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John McCain inspired many great stories in The New Republic.

The late John McCain provided great copy: he was colorful, provided easy access, and gave memorable feisty quotes. He was also at the center of many divisive American political battles, from the Vietnam War to Trumpism. Over the years, then, many writers naturally turned to the larger-than-life senator for their stories. Here are some highlights from our archives.

In 1996, Michael Lewis told the moving story of McCain’s reconciliation with a Vietnam war protester, David Ifshin:

In December 1970 David Ifshin had led a group of American students to Hanoi, where he delivered an anti-war radio address to American soldiers engaged in attacks on North Vietnam. Like other anti-American propaganda, his program was piped into McCain’s prison cell from six in the morning until nine at night. But McCain, who can generate anger in a heartbeat, shows not the faintest trace of resentment. “Ifshin stood in my office,” he explains, “and he said, I came here to tell you that I made a mistake. I was wrong, and I’m sorry.’ And I said to him, Look, I accept your apology. We’ll be friends. But more importantly I want you to forget it. Go on with your life. You cannot look back.’”

In 1999, David Grann reflected on the problem of letting McCain’s personal heroism serve as a criterion for public office:

The trouble is that, in the wake of Clinton, character has become the only measure of a man. It has become a substitute for ideology, even though ideology and the programs that evolve from it may have farther-reaching implications and are certainly far easier to gauge. It is as if we decided to hire someone to deliver the mail based on the fact that he once saved a woman dying in the street, rather than on whether he ever delivered the mail on time. And it is after no digging at all that I discover what almost no one ever mentions about McCain: his voting record.


In 2000, Jonathan Chait speculated that McCain was coming unmoored from the Republican Party:

The most plausible way to explain McCain’s strange intellectual odyssey is to assume that something unmoored him from the discipline and dogma of his party. That something, almost certainly, was campaign finance reform. It is not hard to imagine how this happened: In the course of his reform crusade, McCain has been pilloried by Republicans and praised by Democrats and liberal journalists. Maybe he began to wonder who his friends were. Maybe the overwhelming GOP defense of a system McCain insists is corrupt made him rethink the faith he had placed in the people from whom he took his ideological cues. “I think the party to some degree has lost its way,” he told me, “and I think this is because of the influence of big money.”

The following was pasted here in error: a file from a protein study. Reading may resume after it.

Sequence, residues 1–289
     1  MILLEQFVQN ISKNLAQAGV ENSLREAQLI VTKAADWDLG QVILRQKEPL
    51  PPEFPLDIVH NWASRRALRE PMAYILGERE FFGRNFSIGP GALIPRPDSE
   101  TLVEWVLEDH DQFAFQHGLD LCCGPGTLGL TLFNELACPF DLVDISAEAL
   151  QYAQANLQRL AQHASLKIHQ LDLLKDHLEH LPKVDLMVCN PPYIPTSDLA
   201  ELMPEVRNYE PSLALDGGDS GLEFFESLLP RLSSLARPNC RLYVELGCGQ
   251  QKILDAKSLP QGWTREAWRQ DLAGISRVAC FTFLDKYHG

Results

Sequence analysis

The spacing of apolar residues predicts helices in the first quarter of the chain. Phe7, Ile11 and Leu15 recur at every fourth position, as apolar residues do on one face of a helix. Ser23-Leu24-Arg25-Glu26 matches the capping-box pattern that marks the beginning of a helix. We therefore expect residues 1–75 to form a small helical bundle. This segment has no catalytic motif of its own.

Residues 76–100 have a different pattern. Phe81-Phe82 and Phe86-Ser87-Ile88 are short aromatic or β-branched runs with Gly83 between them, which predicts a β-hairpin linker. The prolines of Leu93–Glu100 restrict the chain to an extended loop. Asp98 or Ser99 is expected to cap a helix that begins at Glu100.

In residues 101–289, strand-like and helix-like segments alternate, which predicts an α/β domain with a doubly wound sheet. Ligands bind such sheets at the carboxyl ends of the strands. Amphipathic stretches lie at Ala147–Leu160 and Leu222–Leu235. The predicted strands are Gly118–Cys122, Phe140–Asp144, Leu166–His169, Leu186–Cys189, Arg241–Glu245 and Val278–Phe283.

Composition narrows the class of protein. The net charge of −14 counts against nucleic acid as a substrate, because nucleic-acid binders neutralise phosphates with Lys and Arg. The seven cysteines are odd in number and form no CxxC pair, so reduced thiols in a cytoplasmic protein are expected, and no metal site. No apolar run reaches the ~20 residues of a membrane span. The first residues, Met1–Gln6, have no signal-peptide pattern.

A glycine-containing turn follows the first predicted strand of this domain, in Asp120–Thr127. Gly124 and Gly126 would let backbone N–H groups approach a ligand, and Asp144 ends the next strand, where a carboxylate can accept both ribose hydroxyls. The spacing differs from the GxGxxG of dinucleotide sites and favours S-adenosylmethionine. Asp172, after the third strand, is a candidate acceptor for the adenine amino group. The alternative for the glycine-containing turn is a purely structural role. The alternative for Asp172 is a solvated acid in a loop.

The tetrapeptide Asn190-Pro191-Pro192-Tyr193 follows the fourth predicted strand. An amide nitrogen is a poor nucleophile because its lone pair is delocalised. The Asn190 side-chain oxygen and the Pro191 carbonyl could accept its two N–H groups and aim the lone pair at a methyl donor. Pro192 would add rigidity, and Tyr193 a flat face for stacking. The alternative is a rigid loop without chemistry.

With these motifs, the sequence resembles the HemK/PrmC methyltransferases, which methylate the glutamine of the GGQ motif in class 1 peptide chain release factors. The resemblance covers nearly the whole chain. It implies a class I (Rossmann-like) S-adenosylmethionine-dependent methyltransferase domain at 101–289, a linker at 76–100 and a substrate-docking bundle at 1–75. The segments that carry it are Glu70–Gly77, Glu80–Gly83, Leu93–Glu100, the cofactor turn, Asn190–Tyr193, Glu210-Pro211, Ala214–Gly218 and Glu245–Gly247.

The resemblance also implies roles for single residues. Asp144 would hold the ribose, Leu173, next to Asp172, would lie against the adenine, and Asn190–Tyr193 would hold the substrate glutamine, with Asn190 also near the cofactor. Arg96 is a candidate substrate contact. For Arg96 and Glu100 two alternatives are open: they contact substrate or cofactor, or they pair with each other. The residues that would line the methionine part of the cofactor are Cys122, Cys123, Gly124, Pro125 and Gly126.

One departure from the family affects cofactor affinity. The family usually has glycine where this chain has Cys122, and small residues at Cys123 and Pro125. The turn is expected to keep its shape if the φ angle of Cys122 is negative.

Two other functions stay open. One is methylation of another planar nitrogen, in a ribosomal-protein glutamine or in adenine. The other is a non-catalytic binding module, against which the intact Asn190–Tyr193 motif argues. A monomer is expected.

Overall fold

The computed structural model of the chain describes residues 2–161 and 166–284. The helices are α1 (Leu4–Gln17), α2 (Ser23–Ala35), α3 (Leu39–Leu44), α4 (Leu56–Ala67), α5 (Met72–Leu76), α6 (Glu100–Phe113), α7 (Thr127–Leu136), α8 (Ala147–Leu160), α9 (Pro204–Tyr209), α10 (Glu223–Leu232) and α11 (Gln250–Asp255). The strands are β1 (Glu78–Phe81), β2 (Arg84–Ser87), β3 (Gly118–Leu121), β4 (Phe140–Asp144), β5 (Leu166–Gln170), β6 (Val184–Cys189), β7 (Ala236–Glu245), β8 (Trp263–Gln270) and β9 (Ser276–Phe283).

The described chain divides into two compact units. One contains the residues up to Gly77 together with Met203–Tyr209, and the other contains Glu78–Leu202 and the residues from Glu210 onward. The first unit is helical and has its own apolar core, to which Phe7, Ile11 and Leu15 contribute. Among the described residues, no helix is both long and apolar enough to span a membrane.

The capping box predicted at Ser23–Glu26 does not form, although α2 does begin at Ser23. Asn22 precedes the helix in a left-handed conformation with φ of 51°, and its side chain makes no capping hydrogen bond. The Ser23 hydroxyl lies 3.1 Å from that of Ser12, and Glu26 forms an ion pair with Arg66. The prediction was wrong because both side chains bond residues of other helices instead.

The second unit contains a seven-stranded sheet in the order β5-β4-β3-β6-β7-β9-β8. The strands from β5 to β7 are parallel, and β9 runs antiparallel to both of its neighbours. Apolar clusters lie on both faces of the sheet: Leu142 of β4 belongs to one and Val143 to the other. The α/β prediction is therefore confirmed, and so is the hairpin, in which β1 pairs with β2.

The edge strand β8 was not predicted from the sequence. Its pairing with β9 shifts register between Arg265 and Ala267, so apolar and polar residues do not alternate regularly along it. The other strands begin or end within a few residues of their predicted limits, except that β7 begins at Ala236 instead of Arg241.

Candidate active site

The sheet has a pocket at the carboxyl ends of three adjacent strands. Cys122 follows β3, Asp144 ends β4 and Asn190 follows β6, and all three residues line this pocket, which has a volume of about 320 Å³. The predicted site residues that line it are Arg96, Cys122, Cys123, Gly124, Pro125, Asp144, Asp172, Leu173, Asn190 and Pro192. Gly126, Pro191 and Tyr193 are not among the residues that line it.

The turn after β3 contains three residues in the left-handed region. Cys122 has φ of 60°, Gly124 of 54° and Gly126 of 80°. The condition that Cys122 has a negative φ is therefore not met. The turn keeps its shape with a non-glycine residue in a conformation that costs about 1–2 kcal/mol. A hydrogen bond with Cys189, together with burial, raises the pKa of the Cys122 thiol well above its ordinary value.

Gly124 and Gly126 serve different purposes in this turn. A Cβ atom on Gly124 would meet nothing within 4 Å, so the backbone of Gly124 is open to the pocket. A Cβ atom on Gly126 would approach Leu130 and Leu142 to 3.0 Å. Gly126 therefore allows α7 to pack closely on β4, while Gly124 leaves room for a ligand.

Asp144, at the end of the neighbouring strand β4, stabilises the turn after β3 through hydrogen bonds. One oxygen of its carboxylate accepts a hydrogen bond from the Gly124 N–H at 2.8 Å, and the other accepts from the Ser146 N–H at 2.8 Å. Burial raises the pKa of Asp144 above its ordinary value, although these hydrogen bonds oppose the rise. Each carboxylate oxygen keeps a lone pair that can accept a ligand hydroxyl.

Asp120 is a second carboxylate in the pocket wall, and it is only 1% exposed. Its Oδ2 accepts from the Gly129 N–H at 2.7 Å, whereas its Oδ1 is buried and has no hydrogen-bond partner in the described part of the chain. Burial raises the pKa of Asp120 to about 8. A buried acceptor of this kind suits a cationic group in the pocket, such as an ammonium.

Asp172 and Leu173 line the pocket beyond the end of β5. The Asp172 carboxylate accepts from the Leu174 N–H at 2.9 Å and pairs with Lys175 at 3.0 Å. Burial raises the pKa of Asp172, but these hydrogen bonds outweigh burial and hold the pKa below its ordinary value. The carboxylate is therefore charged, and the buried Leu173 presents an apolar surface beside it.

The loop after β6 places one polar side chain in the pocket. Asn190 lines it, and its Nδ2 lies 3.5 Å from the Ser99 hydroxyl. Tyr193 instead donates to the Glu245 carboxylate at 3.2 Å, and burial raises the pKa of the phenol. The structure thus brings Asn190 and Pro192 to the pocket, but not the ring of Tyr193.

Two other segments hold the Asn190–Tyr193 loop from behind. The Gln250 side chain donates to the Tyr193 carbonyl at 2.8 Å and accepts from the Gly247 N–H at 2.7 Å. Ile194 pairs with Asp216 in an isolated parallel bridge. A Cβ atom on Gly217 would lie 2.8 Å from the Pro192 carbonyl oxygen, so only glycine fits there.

In 2006, John Judis praised McCain’s ability to change his mind but noted the senator remained stubbornly committed to a hawkish foreign policy:

McCain wasn’t willing to concede that there was any flaw in the basic strategy of taking over and attempting to transform an Arab country highly sensitive to Western domination. I told McCain I thought that he failed to appreciate the power of nationalism, either in Vietnam or Iraq. “I hope I have a strong appreciation,” McCain replied. “I think it is fundamental. The Ukraine revolution--they had their revolution to divorce themselves from Russia. I think it was the same thing in Georgia. Nationalism was the first thing that caused the breakup of the Soviet Union. I hope I place sufficient emphasis on nationalism.” But McCain did not address longstanding Arab resistance to Western occupation--whatever the occupier’s expressed motives.

In 2018, Graham Vyse explained just why reporters loved McCain:

Fournier remembers intimate moments like watching McCain’s aides comb his hair and help him into a sweater—assistance the senator required after his Vietnam War injuries left him unable to raise his arms above his shoulders. “It just stuck me: Holy shit. This guy can’t comb his own hair,” Fournier said. “It doesn’t make him any better or worse to be a president, but boy, it was a compelling moment that for the rest of the campaign kept him human for me.” Fournier added, “McCain has been covered pretty fairly and pretty honestly by most reporters.”

Finally, also in 2018, Elizabeth Drew painted a penetrating character study:

The John McCain I came to know is a far more interesting, layered, complicated, farsighted, shrewd person than most of the portraits of him convey. And for all his unusual accessibility to the press and through them the public, a part of him remains impenetrable. A congenitally restless man, his clear preference was to keep moving, as if stopping to contemplate matters was something he wasn’t comfortable with. McCain reads books but he’s no deep intellectual; as a senator, which was when I knew him best, he’s been a man in motion, of action.